JEREMY SCOTT TAKES US BACK TO THE NURSERY
It's too bad that Kanye West didn't bring young daughter North when he checked out Jeremy Scott's fashion show on Wednesday. The nursery motif — dolls, hippos, little lambs, teddy bears — would have made the toddler feel right at home.
Scott's shows are never less than whimsical and entertaining, and this one held true to form. Models sauntered down the runway in babydoll mini-dresses and tights in pastel colours like baby blue and yellow and bright pink. They wore sweet baby bonnets or long stocking caps.
Their hair was covered with paint splotches. A few dresses were actually made of canvas and then painted on.
Truth is, this was pretty demure for Scott, who's been known in previous collections to have a man covered entirely in fur like Chewbacca, or little gold machine-guns hanging from a bustier.
Pretty demure, and demurely pretty.
"I was really inspired by the idea of dolls," Scott said in a backstage interview, "and how when you loved them so much you cut their hair and you painted on them."
"So I wanted to kind of capture that loved toy, the loved doll kind of feeling. There's lots of prints — definitely inspired by nursery rhymes like 'Humpty Dumpty' or 'Mary Had a Little Lamb.'"
Scott doesn't waste too much time thinking about how people will be evaluating his clothes.
"I just want people to have a good time," he said. "It's cold outside but warm in here."
Also in the front row, and representing rock 'n roll: Red Hot Chili Peppers frontman Anthony Kiedis.
—Jocelyn Noveck and Nicole Evatt
MICHAEL KORS: FUR AND FLATS
The ladies on the runway of Michael Kors don't do lunch. They do business — in fur, Oxfords and sumptuous sweaters and suits cinched at the waist with skinny belts.
Kors, in a backstage interview before Wednesday's show, described his fall collection as "opulent restraint."
There wasn't just men's suiting. There was men's suiting in cashmere. There wasn't just a military coat. There was a military coat with orange sparkle on the lower sleeve. There was tweed, trumpet skirts and mohair.
In the colours of barley, a young fawn, charcoal and slate, Kors had icons on his mind and their yin-yang balance from head to their fur muffs to their shoes.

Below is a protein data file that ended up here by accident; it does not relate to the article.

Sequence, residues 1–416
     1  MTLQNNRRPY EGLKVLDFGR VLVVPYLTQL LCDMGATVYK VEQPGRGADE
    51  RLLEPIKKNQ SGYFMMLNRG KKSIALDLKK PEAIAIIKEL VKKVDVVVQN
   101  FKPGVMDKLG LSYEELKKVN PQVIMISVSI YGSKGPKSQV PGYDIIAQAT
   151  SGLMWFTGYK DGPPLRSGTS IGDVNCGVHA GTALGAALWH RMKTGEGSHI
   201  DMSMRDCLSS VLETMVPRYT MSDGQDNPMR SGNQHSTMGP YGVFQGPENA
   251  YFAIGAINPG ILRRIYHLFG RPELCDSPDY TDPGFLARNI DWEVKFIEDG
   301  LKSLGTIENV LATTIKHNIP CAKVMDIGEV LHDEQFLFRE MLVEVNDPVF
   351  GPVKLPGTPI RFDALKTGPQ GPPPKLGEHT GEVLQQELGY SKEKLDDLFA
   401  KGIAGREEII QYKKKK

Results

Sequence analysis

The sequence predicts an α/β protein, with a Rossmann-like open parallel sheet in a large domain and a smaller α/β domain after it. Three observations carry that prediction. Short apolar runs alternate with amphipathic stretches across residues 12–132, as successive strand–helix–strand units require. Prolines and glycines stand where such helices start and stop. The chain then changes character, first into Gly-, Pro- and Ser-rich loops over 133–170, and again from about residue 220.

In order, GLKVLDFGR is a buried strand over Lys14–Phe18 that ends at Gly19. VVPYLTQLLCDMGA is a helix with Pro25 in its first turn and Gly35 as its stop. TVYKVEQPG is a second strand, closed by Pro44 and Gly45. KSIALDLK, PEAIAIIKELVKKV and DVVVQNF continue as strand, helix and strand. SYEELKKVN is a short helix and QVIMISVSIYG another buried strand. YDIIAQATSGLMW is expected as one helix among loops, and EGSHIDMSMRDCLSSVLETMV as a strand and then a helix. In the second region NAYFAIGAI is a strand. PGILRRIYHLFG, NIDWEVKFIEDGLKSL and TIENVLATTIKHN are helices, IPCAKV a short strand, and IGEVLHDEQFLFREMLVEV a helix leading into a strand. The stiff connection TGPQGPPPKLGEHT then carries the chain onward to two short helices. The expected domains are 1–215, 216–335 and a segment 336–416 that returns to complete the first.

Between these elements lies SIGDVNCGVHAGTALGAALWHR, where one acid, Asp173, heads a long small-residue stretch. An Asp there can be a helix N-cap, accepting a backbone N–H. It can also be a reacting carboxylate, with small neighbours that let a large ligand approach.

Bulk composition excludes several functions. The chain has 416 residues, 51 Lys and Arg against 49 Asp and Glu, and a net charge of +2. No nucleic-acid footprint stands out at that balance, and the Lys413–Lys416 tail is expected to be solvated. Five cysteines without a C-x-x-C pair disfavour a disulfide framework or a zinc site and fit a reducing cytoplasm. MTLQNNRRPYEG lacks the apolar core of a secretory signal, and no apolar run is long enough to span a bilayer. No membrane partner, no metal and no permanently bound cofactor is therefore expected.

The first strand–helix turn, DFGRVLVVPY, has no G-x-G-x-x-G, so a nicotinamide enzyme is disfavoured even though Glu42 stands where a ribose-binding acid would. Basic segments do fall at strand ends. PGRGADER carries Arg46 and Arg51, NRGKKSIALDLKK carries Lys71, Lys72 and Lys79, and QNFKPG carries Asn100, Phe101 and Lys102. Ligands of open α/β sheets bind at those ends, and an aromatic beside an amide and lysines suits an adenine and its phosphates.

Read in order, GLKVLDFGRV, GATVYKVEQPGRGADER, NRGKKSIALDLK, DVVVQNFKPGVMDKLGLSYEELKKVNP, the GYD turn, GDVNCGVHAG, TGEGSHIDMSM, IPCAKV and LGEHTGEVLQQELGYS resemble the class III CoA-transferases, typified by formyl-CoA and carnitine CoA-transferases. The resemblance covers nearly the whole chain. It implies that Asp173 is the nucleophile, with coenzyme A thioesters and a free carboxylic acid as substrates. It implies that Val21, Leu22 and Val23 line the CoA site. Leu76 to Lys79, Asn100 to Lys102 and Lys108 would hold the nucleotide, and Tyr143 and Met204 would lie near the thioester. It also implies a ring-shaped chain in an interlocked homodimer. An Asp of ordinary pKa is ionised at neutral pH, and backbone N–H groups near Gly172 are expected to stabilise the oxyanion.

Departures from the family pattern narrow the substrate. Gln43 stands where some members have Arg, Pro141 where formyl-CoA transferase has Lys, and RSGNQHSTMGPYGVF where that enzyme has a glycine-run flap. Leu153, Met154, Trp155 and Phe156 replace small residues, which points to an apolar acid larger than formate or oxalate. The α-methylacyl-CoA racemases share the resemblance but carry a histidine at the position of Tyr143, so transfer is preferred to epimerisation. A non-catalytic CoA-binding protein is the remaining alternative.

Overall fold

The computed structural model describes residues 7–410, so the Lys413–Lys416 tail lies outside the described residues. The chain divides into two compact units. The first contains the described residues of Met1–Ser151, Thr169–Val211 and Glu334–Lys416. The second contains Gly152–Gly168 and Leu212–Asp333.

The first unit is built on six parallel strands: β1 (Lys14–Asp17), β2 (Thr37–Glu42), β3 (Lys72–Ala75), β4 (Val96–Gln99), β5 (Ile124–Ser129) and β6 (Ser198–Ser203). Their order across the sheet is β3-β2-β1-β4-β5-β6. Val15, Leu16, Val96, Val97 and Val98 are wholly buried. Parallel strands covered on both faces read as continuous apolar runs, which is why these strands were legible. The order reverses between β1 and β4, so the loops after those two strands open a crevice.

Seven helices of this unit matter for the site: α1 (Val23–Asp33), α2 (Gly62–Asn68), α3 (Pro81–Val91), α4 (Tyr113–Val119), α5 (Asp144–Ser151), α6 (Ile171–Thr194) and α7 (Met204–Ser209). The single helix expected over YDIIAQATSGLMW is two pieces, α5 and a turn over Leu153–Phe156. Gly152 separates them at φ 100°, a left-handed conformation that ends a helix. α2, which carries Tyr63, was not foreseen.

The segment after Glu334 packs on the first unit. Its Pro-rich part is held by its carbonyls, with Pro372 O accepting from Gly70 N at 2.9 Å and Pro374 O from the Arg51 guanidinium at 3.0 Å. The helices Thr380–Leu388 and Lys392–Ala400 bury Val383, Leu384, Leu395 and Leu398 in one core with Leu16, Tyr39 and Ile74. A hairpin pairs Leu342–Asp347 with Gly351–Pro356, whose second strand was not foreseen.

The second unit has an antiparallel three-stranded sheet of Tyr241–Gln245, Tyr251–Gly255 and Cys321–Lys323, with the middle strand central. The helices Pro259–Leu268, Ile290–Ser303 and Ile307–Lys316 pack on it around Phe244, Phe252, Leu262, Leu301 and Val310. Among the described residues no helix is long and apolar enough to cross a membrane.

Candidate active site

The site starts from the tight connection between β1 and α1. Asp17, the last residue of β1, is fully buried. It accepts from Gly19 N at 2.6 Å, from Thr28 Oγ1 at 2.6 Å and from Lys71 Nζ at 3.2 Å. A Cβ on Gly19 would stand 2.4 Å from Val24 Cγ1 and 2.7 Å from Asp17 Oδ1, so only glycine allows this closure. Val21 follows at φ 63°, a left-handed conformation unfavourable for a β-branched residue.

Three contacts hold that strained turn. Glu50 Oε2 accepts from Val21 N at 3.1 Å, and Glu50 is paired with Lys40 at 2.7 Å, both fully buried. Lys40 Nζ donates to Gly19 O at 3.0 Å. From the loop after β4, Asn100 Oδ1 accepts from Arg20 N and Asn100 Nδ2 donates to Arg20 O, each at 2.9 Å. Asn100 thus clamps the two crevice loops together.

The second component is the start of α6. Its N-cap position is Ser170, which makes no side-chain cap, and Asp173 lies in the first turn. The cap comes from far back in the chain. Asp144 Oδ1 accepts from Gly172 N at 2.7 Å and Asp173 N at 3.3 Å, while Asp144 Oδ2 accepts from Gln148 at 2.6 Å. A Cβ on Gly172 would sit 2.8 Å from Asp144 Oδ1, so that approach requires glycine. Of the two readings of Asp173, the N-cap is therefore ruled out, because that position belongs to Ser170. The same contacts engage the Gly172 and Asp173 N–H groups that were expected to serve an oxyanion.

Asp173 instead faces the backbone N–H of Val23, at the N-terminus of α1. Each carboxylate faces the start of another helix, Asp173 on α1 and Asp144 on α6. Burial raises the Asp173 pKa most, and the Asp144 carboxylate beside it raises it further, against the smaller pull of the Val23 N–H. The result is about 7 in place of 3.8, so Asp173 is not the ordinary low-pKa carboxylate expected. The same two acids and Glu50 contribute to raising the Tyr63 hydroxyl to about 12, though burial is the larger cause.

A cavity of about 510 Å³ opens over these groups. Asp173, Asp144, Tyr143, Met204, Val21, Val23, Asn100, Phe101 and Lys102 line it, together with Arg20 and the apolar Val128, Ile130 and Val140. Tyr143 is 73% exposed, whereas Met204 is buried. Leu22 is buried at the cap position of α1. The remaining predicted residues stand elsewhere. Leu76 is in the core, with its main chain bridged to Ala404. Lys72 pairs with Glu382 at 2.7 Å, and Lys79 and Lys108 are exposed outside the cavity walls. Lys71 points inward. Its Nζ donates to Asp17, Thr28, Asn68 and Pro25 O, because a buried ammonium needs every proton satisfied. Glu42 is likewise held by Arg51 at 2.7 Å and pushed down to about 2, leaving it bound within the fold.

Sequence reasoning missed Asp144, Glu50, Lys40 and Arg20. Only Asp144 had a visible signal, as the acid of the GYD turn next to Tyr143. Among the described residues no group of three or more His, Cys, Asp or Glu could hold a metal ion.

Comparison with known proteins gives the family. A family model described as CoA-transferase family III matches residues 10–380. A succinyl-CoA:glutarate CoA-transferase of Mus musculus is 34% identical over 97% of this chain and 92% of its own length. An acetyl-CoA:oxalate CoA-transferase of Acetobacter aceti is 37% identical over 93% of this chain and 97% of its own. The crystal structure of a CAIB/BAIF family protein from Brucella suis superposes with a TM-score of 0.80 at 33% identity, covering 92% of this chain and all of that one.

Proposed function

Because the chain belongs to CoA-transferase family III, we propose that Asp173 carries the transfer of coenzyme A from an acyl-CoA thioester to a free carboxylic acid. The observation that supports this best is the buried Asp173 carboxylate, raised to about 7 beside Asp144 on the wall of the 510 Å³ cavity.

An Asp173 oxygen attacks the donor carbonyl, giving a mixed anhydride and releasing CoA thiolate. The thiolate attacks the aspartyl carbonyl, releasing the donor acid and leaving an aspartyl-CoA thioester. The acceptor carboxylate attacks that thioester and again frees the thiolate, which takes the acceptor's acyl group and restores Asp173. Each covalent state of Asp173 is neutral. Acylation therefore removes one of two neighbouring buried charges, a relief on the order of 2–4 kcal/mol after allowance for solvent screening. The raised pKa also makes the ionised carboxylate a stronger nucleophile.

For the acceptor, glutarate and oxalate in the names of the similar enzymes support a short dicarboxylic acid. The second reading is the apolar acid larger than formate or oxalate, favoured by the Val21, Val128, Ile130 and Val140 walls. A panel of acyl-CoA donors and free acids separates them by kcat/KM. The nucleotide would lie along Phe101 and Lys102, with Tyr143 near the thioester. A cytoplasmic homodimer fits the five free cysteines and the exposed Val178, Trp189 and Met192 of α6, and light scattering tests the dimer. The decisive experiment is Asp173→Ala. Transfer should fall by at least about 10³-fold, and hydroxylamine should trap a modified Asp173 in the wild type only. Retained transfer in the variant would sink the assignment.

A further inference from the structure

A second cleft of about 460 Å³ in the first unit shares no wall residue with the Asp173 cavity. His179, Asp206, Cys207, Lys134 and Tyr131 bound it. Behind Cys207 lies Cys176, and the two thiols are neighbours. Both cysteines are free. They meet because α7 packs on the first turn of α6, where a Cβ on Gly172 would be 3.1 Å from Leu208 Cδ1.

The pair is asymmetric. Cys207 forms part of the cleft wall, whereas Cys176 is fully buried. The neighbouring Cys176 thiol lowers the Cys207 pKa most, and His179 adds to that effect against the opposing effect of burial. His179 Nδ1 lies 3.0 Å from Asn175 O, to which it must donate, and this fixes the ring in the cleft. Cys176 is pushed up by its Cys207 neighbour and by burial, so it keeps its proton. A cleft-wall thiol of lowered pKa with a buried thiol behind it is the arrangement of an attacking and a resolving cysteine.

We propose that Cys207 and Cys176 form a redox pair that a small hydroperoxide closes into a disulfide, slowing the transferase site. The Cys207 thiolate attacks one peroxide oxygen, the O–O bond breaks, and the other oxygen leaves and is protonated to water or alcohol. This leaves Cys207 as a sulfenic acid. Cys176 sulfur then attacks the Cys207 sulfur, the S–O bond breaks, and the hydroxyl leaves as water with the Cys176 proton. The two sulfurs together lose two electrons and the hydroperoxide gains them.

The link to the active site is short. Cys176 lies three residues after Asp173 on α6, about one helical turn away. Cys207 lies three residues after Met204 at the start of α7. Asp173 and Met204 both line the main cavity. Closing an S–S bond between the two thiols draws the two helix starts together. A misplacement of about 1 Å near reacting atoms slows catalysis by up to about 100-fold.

Go back to the '30s, he urges.
"You think about the Duchess of Windsor, who certainly was very glamorous and very elegant, but she was very understated, kind of always grabbing from the duke's closet, too. And when you think about the '30s, one of my favourite movies is "Chinatown," and Faye Dunaway in her riding clothes," he said.
That balance, Kors said, is deeply rooted in American style, stretching through the decades to Babe Paley in the '60s and Carolyn Bessette-Kennedy, "looking really chic but being able to jump on a bicycle."
And after, Kors is ready with sparkly pajama-wear and capes in silver fox.
Michelle Obama picked a Michael Kors suit for the State of the Union. It was a thrill for Kors, who also marvels at the women on the street who tote his bags and wear his watches.
Kors, who heads a global fashion and style empire, said "commercial" is far from a dirty word.
"For her (the first lady) to choose to wear something of ours on a really important night, it's very kind of gratifying in the same way it is when I see someone walking through the airport and they've spent their hard-earned money," he said.
Kate Hudson, a friend, was on hand, looking springy in yellow on yet another cold winter's day.
"I feel like Michael does the kind of show that you actually want to wear everything, that you feel like you can wear everything," she mused.
—Nicole Evatt and Leanne Italie
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